What made you open a Funeral Savings Account?
Aged 76, eight years before her death, Mum had a stroke and went into care. My brothers and I sold our family home. We hadn’t thought about preparing for her funeral until a friend mentioned the CDF to me and outlined the benefits of a Funeral Savings Account. It was clear to our family that the peace of mind offered by the CDF would be invaluable at the time of Mum’s passing. They explained that pre-paid funeral costs were not included as assets. It was, therefore, a way to become eligible for a government residential care subsidy.
How did you manage the account?
I worked with Mum to open an account – I was a joint signatory as I had power of attorney. We put the account in her name and in 2010 deposited a lump sum to cover expected funeral costs.
Account interest compounded and at the time of her death, six years later, I was pleasantly surprised to realise that the interest that had accrued covered the entire cost of her funeral! One of the benefits of a CDF Funeral Savings Account is that you receive the 12-month term investment interest rate, which is substantially higher than an on-call savings account.
What parish did your mother attend?
Mum’s was the first funeral to be held at St John the Evangelist Parish in Leeston after the Canterbury earthquakes of 2011-2012. She would’ve loved knowing that fact as when we were children, she was a very active member of the parish – arranging the flowers and cleaning the church. Her strong catholic faith sustained her well. Mum knew where she was going – it was up to us to smooth the path for her to get there. The CDF helped us to do that.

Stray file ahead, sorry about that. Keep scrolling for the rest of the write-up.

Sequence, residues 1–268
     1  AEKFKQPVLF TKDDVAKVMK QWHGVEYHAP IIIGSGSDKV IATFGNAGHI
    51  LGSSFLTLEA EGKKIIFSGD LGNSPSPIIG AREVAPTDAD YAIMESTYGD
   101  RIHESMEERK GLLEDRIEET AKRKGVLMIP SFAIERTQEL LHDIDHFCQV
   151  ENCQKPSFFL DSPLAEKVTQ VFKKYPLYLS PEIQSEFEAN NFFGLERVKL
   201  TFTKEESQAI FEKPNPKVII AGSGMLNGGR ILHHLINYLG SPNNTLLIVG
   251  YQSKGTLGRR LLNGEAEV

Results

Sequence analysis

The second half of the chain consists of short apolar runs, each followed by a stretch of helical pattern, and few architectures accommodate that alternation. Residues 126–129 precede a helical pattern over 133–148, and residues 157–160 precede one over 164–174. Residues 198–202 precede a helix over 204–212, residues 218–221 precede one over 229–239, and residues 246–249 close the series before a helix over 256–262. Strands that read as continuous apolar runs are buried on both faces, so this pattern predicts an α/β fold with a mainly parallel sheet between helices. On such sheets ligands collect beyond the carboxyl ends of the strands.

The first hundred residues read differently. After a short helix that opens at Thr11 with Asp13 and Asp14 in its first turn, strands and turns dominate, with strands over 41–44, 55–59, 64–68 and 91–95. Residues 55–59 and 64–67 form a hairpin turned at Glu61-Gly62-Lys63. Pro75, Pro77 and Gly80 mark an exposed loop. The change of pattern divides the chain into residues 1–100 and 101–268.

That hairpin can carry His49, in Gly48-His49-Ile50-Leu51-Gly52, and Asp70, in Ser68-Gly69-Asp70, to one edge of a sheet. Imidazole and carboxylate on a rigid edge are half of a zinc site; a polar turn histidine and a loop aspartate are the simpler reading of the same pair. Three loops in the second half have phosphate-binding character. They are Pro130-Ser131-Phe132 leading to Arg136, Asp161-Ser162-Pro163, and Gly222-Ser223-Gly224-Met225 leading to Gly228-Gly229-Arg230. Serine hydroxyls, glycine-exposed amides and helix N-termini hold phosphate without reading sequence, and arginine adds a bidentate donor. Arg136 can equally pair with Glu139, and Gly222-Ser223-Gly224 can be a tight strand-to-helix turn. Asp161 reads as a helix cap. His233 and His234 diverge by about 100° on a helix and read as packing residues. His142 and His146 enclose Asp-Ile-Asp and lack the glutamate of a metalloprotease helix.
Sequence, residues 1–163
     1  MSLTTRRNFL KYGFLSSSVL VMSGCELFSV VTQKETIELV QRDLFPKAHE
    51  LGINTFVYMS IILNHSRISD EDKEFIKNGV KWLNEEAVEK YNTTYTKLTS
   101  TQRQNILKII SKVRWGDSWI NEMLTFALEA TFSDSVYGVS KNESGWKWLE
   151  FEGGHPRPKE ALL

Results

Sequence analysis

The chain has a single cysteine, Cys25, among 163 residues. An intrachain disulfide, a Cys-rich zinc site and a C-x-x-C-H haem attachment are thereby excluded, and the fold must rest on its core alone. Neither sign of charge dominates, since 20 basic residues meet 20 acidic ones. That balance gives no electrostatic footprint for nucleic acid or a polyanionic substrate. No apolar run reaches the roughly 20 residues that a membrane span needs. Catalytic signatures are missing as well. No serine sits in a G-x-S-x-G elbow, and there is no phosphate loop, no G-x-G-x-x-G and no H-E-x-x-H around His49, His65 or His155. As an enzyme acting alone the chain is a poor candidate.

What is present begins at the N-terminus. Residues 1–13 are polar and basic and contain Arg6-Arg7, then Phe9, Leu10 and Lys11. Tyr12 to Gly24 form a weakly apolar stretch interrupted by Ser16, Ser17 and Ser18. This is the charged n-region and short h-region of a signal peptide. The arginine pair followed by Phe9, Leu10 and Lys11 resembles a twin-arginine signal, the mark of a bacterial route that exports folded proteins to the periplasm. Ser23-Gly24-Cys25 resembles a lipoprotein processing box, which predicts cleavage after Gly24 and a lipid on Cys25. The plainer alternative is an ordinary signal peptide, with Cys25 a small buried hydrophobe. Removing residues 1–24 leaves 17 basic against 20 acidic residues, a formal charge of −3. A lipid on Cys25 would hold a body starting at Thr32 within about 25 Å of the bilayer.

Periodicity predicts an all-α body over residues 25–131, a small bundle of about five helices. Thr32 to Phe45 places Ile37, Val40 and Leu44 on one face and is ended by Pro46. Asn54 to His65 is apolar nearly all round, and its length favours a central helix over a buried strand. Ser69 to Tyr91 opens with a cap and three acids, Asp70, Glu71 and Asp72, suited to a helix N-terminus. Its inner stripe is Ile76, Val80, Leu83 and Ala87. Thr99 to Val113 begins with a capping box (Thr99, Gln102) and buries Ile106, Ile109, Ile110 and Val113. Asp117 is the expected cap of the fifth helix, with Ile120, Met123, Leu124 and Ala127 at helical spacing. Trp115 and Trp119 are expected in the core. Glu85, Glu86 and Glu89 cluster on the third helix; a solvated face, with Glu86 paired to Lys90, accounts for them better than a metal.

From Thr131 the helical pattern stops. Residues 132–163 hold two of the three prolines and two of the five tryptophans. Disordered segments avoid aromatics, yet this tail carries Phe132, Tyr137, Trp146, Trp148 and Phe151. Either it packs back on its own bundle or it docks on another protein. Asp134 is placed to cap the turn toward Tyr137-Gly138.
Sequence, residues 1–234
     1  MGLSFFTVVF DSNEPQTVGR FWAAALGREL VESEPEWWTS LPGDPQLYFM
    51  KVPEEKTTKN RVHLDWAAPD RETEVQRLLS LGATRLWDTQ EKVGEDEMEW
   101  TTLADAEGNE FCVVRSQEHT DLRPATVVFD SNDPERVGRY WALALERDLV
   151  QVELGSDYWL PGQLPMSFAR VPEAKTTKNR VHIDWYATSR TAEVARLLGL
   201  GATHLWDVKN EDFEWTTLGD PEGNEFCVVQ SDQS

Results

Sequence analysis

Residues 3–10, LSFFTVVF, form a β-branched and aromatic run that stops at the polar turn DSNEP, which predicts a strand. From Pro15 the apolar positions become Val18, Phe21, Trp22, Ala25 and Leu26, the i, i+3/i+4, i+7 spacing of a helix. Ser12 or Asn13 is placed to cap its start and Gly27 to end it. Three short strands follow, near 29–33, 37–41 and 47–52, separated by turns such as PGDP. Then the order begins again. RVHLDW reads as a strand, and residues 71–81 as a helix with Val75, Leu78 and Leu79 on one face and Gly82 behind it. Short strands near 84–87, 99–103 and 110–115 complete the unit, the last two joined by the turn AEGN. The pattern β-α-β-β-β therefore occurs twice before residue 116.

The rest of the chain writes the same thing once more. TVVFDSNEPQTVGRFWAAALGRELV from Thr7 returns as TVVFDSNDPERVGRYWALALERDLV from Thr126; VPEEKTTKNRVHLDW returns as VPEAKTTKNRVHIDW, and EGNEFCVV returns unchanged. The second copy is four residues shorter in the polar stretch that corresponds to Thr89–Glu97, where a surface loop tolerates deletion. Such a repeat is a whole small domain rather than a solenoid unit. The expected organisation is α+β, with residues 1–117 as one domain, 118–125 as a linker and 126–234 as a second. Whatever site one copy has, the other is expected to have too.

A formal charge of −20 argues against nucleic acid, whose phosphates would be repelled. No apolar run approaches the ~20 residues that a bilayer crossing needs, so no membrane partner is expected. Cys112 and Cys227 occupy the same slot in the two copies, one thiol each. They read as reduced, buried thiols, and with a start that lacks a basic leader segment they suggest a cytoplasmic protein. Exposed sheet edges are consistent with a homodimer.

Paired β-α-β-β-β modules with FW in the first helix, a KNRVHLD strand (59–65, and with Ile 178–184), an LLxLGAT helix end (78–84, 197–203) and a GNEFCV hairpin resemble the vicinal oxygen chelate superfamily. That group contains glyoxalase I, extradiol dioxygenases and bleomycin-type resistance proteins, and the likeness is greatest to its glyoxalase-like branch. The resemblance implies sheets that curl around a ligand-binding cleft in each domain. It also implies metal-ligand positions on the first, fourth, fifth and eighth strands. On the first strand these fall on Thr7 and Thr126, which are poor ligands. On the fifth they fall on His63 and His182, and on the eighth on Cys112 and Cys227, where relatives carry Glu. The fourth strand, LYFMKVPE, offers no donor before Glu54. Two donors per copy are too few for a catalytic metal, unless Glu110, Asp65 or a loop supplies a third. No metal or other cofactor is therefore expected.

How did the funeral account get paid?
Our funeral director simply sent the account to the CDF and it was paid on our behalf. I didn’t need to think about a thing. Melanie [Perry] advised me of the steps required to redeem the funds which were straight forward. She alleviated a lot of stress for us.
What do you enjoy most about the CDF?
Two things come to mind: the fact that savings were set aside in a funeral account meant my brothers and I didn’t need to divide up money from Mum’s Will to pay funeral expenses. There was enough in the account to cover the costs for everything she had wanted for her funeral. I know Mum would have been extremely happy that her funeral was everything she requested, so we were pleased to be able to arrange that on her behalf.
Secondly, as the Bishop of Christchurch is guarantor of the CDF, we knew Mum’s investment was safe, there are no account fees, and the interest, set at the CDF’s 12-month term investment rate, was pretty good. Mum and I both enjoyed knowing that a small sacrificial return from her investment was gifted to the diocese to help fund their important pastoral works. Our mother felt as though she was ‘helping’ her church right until the end of her life.